But while the degree of rot is arguable, the fact is that while today’s degree of heavy coverage of scandals related to domestic violence, abuse, racism, and sexual harassment are somewhat new, the actual behaviors by professional athletes are not. If you have any doubt, witness how whenever one of these scandals comes to light those within the inner circle caution those on the outside that we simply “don’t understand” the special rules professional athletes have always had (read: been allowed) to play by.

Grantland’s Bryan Curtis believes that this new non-glorifying coverage is a sign that sports journalism is now suddenly “liberal,” as if my father — a life-long Republican, NRA member, and Limbaugh-letter subscriber — was somehow pro-wife beating, or oft lamenting how they didn’t have the kind of phones that could send dick-pics to female staff members who worked for you back in the day. By blaming liberalism, Curtis misses the mark here rather badly.

The biggest difference in the scandals of today that Curtis focuses on is how technology separates the question of a sports professional’s guilt from our tribal desire to believe in his or her innocence. Previous generations’ athletes and sports executives were often every bit as loathsome as Rice, Sterling, Incognito and Farve. But their accusers lacked proof of their claims, and so sports journalists would go through their cynical routine: play the scandal out for a while, then go back to venerating those at the scandal’s heart — even in cases such as Michael Jordan and Ray Lewis, where they knew they were helping to erect public statues of terrible human beings.

In fact, the very nomenclature of Curtis’s industry obscures the real truth about the phenomena he himself is describing:

Technology is forcing today’s sports journalism into doing actual journalism.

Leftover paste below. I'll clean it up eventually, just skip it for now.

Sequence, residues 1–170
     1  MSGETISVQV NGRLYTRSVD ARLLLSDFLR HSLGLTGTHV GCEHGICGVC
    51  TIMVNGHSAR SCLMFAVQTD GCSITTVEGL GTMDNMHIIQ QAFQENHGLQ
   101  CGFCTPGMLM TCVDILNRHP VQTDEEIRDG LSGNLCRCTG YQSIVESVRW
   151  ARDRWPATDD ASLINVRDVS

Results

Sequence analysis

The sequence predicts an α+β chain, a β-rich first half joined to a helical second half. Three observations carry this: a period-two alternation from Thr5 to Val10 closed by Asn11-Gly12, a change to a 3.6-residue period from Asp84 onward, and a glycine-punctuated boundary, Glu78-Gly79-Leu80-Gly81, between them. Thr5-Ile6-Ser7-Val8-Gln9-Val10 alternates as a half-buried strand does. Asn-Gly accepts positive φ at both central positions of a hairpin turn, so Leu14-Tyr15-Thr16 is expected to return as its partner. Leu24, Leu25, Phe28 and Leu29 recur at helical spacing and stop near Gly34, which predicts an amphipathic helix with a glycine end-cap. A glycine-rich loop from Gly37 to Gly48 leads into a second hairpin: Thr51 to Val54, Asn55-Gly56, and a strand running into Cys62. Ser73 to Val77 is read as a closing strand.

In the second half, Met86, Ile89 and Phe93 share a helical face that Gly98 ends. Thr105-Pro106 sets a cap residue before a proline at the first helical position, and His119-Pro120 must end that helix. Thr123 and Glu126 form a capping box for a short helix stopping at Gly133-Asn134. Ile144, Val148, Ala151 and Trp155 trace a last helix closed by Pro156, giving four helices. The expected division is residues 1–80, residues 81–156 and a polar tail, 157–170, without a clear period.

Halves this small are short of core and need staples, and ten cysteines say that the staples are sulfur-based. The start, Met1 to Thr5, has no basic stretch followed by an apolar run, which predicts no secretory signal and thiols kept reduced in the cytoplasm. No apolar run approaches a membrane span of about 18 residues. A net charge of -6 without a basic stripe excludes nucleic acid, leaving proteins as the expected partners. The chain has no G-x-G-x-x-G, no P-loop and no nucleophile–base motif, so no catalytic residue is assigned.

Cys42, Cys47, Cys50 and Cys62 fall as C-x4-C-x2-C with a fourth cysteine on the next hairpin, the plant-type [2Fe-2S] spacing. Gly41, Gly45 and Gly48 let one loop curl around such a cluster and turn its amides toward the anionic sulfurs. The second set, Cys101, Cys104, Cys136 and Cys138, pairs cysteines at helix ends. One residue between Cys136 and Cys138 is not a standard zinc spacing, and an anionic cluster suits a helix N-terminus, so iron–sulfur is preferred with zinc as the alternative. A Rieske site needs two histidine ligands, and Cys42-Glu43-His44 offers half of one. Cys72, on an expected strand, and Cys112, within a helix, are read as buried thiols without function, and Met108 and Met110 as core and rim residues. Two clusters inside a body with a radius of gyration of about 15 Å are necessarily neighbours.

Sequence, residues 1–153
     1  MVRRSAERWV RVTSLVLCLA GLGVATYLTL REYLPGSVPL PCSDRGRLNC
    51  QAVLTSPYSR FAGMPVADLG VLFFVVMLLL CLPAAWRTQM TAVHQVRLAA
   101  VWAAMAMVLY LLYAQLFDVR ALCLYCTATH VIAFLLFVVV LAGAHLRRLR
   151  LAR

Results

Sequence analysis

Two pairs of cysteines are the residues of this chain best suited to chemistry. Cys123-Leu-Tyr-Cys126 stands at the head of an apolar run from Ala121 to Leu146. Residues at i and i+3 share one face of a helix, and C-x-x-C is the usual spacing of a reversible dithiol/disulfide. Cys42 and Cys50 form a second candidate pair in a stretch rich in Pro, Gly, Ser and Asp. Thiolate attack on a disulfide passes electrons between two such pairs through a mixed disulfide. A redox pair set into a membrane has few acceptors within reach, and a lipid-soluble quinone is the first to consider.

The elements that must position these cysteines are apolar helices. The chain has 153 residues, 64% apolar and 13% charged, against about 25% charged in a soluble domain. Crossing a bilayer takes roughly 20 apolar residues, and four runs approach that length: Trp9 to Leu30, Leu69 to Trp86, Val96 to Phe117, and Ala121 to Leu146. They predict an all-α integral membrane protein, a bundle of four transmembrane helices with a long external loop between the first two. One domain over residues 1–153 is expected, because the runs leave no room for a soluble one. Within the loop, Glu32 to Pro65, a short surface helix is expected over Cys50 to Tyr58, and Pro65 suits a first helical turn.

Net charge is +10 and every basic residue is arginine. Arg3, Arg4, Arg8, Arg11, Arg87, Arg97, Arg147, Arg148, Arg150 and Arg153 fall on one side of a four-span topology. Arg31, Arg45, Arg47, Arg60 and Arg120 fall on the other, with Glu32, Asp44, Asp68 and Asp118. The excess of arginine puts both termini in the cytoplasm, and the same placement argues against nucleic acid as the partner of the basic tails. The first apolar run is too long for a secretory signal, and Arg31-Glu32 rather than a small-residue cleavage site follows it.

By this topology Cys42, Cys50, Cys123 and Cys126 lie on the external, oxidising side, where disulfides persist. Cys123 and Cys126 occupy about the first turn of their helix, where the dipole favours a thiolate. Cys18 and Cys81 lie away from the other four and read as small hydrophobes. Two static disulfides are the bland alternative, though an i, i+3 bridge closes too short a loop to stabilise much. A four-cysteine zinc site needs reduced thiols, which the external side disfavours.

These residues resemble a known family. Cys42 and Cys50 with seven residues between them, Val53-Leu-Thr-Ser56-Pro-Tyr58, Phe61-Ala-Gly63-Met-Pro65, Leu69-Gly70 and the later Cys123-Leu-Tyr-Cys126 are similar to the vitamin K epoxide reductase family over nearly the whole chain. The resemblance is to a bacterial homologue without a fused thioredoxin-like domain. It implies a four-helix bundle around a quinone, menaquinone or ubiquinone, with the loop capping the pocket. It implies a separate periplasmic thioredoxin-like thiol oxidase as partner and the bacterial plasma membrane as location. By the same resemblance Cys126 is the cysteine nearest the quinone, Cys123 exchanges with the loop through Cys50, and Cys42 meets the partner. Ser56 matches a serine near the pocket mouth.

Follow Tod on Twitter, view his archive, or email him. Visit him at TodKelly.com

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86 thoughts on “The Mating Call of Roger Goodell — Or, What’s Really Happening to Sports Journalism Today

  1. Sports journo’s especially SI and ESPN are solidly in bed with the leagues they cover especially the NFL. They depend on access from the league and have repeatedly pushed league talking points. I guess Grantland dude missed the guys from ESPN who were wondering if Rice’s 2 game suspension was to much. Peter King and the big ESPN NFL guys all parroted the league message that if we knew what was in the second video, before it came out, we would view Rice differently. It is easier to make a point if you ignore all the evidence that doesn’t fit.

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  2. Roman sportswriters and fans didn’t get too worked up about an athlete who’d committed violence, even multiple murders, in public. That was kind of the point of being an athlete, unless you’re one of those people who consider chariot racing a “real” sport (those folks evolved into NASCAR fans).

    The sportswriters could easily swing the other way on a player and portray him as a villain without doing much to hurt his marketability, because people love watching villains, too. Just look a professional wrestling.

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    • Justinian I was almost overthrown by a mob of enraged chariot-racing fans. He’d have fled the city rather than face them. Took his wife to order the top general and about a thousand soldiers into the stadium to kill 30,000 of them, and then to later crucify the guy who they acclaimed their new Emperor despite the fact that he seemed to have nothing to do with it. Point is, it was sports fans — followers of the Blues and the Greens — who did it. Think soccer hooliganism meets Kent State meets Srebrenica.

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      • It seemed to me as though Jordan was saying it motivated him, that he wanted to prove to the coach that it was a mistake.

        Maybe I’m somehow unable to recognize bitterness and vindictiveness, but I’ve been hearing for years about this speech, and it’s the first time I’ve listened to it, and my response was like Nob’s. To me the whole speech sounded like “I was driven because every time someone go the better of me or said they were going to get the better of me I had to meet that challenge.” And it sounded like it was meant to be a little more funny than it was, but I attributed it to poor delivery– not everyone’s a comedian.

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      • I didn’t watch the speech, but I skimmed a text version I found online, and I didn’t notice anything that struck me as particularly vindictive, either.